M C Escher's got nothing on this.
IN 2007, the Hubble space telescope snapped a picture of a deep space standoff 4,300 light-years away in the constellation of Gemini: two planetary nebulas (given the snappy titles of NGC 2371 and 2372) circling each other in what would surely end in spectacular interstellar fireworks.
They waited... and waited. And nothing happened.
Only recently did a combined team from NASA and the European Space Agency (ESA) realise that they hadn't been looking at two objects at all: Hubble had captured an image of one massive nebular, three light-years across. It was all an optical illusion.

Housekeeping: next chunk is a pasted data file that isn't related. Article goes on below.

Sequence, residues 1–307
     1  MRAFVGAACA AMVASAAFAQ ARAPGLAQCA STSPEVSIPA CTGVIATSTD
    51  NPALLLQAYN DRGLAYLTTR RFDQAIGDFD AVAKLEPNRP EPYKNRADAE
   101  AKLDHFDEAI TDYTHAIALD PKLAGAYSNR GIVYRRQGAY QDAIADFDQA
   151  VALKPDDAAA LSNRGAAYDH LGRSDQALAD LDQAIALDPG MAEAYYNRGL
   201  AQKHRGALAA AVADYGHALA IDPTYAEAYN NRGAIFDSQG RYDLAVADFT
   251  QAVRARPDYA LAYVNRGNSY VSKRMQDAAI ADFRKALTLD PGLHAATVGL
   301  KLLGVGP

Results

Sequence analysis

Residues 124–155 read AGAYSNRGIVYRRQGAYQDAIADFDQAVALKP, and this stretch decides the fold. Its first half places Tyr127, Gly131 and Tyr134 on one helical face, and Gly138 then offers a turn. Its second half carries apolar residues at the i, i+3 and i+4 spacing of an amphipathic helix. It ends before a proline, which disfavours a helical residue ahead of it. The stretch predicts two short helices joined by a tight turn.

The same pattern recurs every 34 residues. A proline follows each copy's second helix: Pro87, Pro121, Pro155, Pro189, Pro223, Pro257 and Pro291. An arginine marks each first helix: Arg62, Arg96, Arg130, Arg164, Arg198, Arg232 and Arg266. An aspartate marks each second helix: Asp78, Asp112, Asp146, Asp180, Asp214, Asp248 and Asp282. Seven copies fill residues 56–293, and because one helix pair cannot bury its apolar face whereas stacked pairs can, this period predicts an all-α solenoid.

"A progenitor star can be seen here as a pinprick of orange-red light, surrounded by a green, blue and aqua-tinged puff of gas," explains the ESA website. "This shell appears to have a regular, elliptical shape that is sliced in half by a dark lane running through the nebula, which also encompasses the central star."
The nebular has now been renamed NGC 2371/2 or NGC 2371-2, and won't attract quite the same attention from astronomers looking for a light show.